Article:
SpaceX Launches First American Spacecraft for Astronauts since Space Shuttle
4 years ago Triangle 0
Written by: Mathäus Schwarzen, staff writer
American space launch company SpaceX successfully performed an unmanned test launch of their Crew Dragon capsule from the Kennedy Space Center on March 2. The Falcon 9 rocket carrying the capsule blasted off at 2:49 a.m. (E.T.), and the capsule docked with the International Space Station at 5:51 a.m. the next day.
SpaceX CEO Elon Musk stressed that the capsule’s journey to NASA approval was not over yet: “We’re only part way through the mission, but the system thus far has passed an exhaustive set of reviews.”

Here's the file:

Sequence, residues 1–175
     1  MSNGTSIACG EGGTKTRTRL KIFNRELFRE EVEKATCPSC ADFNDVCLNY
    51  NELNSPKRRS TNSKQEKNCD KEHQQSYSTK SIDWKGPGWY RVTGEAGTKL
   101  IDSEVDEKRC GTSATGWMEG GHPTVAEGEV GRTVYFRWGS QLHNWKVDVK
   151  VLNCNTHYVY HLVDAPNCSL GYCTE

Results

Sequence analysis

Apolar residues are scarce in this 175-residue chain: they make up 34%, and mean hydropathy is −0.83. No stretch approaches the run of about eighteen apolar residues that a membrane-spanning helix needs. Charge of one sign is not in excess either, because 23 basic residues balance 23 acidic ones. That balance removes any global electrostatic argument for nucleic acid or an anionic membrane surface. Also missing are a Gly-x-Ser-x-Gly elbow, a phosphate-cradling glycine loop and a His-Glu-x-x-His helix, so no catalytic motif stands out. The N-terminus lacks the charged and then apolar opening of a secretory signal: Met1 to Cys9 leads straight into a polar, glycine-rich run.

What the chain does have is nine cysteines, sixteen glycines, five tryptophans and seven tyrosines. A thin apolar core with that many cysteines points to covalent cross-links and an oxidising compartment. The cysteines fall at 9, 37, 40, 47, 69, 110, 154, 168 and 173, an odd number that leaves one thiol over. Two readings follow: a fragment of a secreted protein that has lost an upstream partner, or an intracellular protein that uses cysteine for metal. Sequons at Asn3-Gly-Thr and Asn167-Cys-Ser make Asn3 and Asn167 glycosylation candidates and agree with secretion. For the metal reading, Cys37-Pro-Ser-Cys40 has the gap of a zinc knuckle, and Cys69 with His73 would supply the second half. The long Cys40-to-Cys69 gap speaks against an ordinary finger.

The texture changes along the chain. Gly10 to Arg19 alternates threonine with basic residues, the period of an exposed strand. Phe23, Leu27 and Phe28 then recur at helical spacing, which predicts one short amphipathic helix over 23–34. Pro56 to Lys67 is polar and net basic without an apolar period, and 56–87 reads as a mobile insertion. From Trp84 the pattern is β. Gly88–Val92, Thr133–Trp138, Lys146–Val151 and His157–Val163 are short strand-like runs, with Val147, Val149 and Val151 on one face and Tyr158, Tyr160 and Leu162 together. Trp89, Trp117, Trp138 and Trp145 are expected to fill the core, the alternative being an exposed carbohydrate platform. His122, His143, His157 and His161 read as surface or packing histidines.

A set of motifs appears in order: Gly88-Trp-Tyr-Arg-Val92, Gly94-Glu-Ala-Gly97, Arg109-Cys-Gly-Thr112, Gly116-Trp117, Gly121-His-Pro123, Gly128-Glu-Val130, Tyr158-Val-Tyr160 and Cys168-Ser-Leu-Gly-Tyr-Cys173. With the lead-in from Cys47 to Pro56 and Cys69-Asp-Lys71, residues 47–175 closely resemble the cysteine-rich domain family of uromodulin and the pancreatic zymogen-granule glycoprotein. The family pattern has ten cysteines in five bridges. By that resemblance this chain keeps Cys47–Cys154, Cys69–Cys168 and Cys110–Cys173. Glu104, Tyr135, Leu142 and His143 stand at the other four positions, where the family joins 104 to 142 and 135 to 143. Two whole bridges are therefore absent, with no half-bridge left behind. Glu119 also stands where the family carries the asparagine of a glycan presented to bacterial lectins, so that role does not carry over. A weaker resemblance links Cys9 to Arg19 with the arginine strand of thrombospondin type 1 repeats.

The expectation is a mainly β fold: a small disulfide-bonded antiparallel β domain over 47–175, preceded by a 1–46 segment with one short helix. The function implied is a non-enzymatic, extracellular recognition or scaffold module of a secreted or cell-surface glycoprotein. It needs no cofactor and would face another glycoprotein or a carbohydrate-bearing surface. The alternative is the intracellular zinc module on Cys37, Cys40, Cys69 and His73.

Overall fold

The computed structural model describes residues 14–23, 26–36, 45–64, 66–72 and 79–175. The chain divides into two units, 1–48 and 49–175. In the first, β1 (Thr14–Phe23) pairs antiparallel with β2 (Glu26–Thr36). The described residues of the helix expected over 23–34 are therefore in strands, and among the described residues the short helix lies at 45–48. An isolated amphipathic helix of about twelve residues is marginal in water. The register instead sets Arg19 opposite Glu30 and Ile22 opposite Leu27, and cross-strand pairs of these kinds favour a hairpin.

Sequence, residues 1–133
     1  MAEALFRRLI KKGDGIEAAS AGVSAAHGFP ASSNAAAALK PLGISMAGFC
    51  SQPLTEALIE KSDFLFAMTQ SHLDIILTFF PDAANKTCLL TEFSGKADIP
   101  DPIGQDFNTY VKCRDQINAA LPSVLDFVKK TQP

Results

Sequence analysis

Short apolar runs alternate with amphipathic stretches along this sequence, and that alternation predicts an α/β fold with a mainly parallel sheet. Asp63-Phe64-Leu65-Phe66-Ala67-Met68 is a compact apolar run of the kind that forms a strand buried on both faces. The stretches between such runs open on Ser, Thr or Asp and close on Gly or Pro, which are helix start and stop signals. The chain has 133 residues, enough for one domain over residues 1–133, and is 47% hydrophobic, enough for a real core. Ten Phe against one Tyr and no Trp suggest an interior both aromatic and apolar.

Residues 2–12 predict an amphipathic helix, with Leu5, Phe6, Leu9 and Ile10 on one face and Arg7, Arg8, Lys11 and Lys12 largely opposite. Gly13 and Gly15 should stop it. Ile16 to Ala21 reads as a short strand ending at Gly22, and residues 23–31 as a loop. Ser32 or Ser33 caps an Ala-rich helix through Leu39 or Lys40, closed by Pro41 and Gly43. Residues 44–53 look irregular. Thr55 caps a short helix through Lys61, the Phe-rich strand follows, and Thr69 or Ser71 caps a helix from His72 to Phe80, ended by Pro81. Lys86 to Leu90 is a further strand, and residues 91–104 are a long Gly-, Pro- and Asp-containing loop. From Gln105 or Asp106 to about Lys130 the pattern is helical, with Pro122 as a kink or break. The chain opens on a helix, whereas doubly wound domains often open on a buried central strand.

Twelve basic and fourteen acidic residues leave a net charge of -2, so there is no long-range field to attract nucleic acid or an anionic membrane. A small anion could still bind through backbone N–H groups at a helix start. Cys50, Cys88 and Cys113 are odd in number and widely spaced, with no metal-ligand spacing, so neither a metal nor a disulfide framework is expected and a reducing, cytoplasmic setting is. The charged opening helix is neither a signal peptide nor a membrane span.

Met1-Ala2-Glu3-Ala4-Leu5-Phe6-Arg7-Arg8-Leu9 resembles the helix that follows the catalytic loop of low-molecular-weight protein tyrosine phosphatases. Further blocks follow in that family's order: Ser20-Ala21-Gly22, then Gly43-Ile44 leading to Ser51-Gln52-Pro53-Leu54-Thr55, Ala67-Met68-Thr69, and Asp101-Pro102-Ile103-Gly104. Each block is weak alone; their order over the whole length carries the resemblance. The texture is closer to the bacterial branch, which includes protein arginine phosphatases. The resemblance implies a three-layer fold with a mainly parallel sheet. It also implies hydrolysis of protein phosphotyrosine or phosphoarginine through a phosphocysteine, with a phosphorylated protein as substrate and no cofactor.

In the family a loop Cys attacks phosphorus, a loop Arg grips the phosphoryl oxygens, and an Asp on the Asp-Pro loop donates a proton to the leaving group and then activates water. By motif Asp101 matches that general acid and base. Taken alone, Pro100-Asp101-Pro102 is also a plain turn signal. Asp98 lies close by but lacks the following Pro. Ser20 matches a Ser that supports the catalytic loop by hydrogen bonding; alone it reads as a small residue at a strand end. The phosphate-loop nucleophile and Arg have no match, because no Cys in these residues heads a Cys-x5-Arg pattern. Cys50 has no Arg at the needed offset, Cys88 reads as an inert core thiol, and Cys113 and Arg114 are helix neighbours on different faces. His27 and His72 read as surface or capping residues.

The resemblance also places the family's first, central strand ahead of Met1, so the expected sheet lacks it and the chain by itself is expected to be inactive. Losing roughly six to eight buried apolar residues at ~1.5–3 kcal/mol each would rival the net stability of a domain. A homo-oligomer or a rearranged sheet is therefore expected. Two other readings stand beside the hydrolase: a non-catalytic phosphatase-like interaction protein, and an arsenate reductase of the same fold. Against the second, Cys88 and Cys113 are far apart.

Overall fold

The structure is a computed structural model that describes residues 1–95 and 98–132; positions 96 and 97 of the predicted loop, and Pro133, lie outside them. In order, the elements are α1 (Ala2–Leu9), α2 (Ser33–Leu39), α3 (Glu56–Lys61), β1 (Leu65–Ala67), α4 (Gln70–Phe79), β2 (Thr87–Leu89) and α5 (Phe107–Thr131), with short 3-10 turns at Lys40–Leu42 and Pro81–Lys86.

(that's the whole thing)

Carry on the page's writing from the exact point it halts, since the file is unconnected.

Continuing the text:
NASA hopes to use the capsule to cut down on their launch costs. The US has been paying Russia $80 million per seat to send astronauts to the ISS according to NASA. The cost of a filling one of the Dragon capsule’s seven seats will be just $52 million by comparison.
SpaceX has achieved these lower costs by recovering and reusing essential parts of their rockets.
SpaceX also showed its flair for drama with the launch. On board the Dragon capsule was a dummy named Ripley— a nod to the hero of the sci-fi film Alien.
The Dragon capsule splashed down in the Atlantic Ocean exactly on time at 8:45 a.m. Eastern, March 8.